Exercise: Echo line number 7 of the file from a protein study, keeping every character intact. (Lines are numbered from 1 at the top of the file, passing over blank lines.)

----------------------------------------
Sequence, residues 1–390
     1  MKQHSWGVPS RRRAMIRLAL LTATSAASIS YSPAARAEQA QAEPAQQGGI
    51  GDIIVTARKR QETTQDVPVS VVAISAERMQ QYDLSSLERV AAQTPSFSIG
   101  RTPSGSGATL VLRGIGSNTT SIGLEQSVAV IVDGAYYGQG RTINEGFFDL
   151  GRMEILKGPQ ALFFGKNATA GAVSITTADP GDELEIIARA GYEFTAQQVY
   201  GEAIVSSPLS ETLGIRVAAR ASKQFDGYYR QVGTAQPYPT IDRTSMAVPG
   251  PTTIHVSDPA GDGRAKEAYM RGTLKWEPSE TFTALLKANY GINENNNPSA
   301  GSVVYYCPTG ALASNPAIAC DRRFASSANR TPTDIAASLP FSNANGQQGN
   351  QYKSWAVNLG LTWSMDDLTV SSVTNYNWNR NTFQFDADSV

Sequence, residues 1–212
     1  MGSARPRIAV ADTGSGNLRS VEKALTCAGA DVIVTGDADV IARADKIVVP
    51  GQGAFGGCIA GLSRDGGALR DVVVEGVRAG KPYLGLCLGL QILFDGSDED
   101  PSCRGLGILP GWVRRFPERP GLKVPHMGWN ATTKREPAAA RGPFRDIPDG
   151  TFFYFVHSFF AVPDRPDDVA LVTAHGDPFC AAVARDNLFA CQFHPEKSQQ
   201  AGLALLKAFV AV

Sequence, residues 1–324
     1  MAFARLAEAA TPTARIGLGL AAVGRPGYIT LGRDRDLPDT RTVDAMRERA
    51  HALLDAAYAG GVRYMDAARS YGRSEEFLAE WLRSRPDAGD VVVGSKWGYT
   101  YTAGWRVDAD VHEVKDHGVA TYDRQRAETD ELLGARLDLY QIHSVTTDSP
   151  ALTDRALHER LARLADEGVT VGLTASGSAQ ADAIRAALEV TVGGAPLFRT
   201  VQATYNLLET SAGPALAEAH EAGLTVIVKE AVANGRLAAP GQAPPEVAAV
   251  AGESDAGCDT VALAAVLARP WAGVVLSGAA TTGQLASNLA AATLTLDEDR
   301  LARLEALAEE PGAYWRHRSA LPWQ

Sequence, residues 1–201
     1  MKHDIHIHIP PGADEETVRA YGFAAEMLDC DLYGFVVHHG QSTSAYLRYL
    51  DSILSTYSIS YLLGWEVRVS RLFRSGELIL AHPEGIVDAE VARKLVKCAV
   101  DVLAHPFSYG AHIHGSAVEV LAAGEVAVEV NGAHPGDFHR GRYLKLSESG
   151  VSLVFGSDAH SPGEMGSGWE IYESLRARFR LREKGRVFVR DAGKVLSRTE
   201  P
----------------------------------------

   251  PTTIHVSDPA GDGRAKEAYM RGTLKWEPSE TFTALLKANY GINENNNPSA